Gait characteristics of stroke survivors are asymmetry, broadened basal surface, shortened step length, excessive extension of the knee joint and impaired ankle control [10]. These gait problems directly or indirectly cause problems with the musculoskeletal system by decreasing movement and increasing the time spent in bed [11]. The factors that interfere with the gait of persons affected by stroke are ankle drop caused by a decrease in dorsiflexion and a synergistic pattern rather than selective flexor and extensor action, and ankle stiffness and loss of proprioceptive sensation [12].

Research has been conducted to improve balance and walking ability by improving the affected area caused by stroke. The improvement of balance and gait ability was promoted through the enhancement of proprioceptive sensation of the ankle joint [13], and a study on gait and postural balance after stroke was conducted through training that combined virtual reality and treadmill exercise [14]. In addition, there were interventions that improved gait and balance in individuals with stroke by treating the ankle joint through the traditional Bobath treatment [15].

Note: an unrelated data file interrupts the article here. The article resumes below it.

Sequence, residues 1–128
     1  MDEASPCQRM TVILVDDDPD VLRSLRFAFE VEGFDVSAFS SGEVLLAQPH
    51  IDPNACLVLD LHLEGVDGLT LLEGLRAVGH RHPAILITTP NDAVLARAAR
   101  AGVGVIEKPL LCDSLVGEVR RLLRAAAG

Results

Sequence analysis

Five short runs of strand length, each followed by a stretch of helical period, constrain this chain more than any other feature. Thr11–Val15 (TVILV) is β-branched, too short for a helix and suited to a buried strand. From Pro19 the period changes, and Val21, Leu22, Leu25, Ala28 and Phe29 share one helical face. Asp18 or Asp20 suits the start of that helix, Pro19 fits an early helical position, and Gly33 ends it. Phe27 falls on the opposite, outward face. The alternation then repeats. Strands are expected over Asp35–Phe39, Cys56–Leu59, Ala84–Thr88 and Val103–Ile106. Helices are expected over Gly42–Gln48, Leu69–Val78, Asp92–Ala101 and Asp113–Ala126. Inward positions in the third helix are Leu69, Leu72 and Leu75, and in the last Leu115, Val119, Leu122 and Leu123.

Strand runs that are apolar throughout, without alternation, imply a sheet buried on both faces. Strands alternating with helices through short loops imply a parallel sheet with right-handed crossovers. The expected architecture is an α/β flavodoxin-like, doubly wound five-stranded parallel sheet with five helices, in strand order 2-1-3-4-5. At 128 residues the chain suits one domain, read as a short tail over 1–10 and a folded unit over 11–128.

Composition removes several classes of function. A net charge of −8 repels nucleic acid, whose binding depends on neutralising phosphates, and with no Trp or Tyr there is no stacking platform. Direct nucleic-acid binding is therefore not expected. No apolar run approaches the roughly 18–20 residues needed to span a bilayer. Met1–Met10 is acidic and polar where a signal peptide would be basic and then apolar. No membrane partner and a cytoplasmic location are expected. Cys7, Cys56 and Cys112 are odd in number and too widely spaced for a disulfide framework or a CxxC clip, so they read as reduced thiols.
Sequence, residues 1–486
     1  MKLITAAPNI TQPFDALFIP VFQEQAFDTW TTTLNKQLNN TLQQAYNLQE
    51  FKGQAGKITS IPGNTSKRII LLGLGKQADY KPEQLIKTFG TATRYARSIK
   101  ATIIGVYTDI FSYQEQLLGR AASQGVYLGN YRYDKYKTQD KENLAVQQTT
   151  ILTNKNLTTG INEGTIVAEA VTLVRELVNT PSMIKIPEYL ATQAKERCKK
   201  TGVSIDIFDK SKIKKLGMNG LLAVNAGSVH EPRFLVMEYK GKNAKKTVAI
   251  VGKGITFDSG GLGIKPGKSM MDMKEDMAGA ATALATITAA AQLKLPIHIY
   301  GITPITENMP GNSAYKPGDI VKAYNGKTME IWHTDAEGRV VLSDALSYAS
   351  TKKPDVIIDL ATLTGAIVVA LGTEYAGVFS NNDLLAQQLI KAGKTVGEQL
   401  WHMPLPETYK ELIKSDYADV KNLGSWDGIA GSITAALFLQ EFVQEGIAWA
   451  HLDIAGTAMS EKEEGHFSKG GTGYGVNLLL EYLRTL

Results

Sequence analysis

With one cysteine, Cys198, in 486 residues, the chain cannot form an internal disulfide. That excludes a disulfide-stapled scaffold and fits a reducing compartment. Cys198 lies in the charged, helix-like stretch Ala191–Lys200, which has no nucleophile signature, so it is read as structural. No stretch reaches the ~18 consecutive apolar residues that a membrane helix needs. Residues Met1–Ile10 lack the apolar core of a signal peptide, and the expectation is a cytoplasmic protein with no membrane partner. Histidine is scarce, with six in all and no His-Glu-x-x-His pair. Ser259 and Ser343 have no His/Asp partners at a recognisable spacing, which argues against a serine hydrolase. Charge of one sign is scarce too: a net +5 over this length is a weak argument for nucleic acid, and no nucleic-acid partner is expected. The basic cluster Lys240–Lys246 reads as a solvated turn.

Among various braces available for individuals affected by stroke, the ankle-foot orthosis (AFO) is widely used [16]. The orthosis prevents foot drop during the initial stance and swing phase when walking, and assists in producing slight ankle dorsiflexion. Also, it is widely used for its advantages such as preventing plantar flexion at the ankle and providing stability when varus occurs at the ankle joint [17]. However, when using a plastic brace for a long period of time it limits the movement of the ankle joint and restricts the movement in the calf area, which can lead to muscle shortening or joint contracture [18]. Since the orthosis is bulky and is used by direct contact with the lower extremities, it is not comfortable to wear. Also, if patients want to wear shoes with a plastic AFO, patients have to purchase shoes that are larger than their actual feet [19]. The AFO was first introduced in 1967 and has been used continuously until now, but it does not reflect the changing needs of the current stroke population. Therefore, an AFO that considers the needs of patients is necessary. Elastic ankle-foot orthosis that complement the shortcomings of these plastic ankle-foot orthosis and reflect the needs of users are being introduced. The elastic ankle-foot orthosis does not require the hassle of putting on and taking off shoes when removing the orthosis compared to plastic orthosis, and additional purchase of shoes is unnecessary. In addition, by adjusting the length of the strap of the product, the length can be adjusted according to the patient’s condition, and the calf or sole of the foot is open to provide sufficient sensory stimulation to the soles of the patients.